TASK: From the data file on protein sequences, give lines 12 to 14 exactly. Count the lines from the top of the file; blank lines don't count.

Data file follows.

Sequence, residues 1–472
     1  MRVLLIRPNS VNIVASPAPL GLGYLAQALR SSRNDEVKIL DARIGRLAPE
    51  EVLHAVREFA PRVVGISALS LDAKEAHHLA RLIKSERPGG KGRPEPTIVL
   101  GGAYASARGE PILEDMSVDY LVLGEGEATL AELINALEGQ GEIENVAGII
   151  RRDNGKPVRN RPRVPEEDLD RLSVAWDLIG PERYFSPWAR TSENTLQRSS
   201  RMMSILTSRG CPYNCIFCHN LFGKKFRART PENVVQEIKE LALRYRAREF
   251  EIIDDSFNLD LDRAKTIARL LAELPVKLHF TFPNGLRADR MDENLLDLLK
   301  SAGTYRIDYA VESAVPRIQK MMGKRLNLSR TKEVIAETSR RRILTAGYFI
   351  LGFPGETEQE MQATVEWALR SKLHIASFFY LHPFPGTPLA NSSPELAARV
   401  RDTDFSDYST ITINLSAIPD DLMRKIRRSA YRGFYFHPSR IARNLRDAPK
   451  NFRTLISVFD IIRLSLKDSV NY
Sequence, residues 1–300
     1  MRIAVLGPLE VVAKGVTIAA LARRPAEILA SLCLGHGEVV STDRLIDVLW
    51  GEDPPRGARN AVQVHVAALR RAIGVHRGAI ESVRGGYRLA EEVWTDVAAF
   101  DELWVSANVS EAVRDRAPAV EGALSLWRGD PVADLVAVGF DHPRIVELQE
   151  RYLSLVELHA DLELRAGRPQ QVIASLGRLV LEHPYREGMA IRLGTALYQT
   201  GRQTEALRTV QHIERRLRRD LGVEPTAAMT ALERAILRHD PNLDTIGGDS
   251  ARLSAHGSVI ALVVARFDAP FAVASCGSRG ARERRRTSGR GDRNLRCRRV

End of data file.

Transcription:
Sequence, residues 1–300
     1  MRIAVLGPLE VVAKGVTIAA LARRPAEILA SLCLGHGEVV STDRLIDVLW
    51  GEDPPRGARN AVQVHVAALR RAIGVHRGAI ESVRGGYRLA EEVWTDVAAF